Anna Netrebko is one of the few Deutsche Grammophon artists whose CDs are guaranteed a local release in this country.
The label's Rufus Wainwright opera, along with high-powered new recordings by harpsichordist Mahan Esfahani and pianist Daniil Trifonov, seem fated to remain in import catalogues.
However, such is this soprano's star status, that even a box set of an obscure Tchaikovsky opera, Iolanta, with her in the title role, may well be nestling in your local CD shop, just a few shelves away from Dave Dobbyn.
Judging from the cover of Netrebko's latest release, Verismo, you might imagine she's been caught in a particularly flamboyant production of a baroque opera, with a feathers and headdress combo that would be the envy of the Priscilla set.
But can this diva assoluta manage to lay bare the sad souls of Puccini's Cio-Cio San and Liu? You can sense a challenge being undertaken in this project and, for some, this gorgeous Rolls-Royce of a voice might not quite do justice to the essential vulnerability of such heroines.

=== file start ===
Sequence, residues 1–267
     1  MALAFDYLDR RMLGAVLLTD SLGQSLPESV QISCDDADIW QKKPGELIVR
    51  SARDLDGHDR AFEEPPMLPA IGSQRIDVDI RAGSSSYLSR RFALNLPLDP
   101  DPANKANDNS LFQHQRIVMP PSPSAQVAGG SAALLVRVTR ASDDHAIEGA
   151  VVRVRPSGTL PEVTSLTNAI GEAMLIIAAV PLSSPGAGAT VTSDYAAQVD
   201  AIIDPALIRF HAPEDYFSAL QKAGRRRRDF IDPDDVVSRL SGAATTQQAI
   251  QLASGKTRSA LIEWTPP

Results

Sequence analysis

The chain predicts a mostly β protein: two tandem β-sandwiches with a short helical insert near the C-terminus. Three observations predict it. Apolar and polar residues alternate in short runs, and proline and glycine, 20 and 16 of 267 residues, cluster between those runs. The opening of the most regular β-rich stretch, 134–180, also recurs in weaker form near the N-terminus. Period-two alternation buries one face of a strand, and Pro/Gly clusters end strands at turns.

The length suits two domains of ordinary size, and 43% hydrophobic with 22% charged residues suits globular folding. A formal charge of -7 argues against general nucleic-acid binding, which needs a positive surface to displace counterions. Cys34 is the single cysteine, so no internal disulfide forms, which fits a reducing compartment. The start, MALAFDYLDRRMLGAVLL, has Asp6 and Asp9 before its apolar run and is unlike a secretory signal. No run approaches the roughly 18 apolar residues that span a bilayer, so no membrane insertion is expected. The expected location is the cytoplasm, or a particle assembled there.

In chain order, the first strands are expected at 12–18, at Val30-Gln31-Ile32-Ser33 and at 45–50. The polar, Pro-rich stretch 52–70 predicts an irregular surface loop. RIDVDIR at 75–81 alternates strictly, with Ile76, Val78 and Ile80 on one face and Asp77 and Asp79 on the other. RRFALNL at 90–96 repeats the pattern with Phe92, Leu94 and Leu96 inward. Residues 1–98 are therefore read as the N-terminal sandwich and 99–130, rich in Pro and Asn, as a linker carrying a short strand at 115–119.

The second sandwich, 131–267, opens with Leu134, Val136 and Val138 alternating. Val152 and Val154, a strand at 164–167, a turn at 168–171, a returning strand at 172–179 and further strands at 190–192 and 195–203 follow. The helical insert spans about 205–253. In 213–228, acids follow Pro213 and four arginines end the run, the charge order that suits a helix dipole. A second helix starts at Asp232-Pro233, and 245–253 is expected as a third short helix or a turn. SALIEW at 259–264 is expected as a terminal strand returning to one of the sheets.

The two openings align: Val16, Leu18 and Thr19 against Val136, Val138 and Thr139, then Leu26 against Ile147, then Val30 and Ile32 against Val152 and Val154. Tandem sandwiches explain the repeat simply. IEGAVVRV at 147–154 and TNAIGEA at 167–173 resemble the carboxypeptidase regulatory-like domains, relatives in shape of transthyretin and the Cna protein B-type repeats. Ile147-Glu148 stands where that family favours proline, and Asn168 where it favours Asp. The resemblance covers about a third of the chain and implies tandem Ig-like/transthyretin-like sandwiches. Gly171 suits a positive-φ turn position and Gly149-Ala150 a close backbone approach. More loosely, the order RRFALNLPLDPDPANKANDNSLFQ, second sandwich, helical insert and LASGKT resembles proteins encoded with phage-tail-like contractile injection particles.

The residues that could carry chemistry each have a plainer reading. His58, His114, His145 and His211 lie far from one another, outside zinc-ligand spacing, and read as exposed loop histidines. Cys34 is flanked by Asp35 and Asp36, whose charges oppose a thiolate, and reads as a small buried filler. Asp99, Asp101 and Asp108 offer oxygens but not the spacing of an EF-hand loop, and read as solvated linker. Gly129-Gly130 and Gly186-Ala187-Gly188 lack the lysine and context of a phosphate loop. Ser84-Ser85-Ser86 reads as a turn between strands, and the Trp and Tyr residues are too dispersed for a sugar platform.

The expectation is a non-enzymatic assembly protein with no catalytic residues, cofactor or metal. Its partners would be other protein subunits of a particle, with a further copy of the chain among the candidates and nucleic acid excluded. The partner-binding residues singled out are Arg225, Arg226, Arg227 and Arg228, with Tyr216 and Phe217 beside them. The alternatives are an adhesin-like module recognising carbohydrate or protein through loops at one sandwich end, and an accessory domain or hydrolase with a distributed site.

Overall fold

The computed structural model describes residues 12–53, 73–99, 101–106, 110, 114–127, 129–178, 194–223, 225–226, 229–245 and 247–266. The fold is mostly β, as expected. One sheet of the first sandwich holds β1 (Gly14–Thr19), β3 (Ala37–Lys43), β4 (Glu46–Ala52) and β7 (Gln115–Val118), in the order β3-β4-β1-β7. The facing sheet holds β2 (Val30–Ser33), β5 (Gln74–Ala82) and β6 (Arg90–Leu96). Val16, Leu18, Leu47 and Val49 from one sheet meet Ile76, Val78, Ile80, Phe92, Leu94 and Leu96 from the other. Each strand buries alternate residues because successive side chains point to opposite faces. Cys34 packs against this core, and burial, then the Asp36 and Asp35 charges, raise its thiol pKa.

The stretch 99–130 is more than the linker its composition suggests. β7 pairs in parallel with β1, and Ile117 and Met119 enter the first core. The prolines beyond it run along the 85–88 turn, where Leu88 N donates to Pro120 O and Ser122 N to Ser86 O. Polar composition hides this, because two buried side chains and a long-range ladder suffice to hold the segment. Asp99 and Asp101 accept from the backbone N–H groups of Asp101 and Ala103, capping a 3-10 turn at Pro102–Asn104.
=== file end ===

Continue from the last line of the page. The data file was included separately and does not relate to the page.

Netrebko is much more convincing when she deals out fire and passion as Floria Tosca and is at her very best in the mercurial moods and emotions of Maddalena's iconic aria from Giordano's Andrea Chenier.
The most substantial offering on the disc is the final act of Puccini's Manon Lescaut, well timed with Auckland Philharmonia Orchestra choosing this score for next year's Opera in Concert.
In this massive, 20-minute duet, there's a welcome chemistry added with husband Yusif Eyvazov playing an ardent Des Grieux. Conductor Antonio Pappano and his Academy of St Cecilia Orchestra, superb throughout the CD, excel themselves here, not only in some great, surging climaxes, but also with the vibrant and vivid woodwind colours that introduce Netrebko's heartrending "Sola, perduta, abbandonata."
What: Anna Netrebko, Verismo (Deutsche Grammophon)
Verdict: Russian soprano thrills but doesn't always touch the heart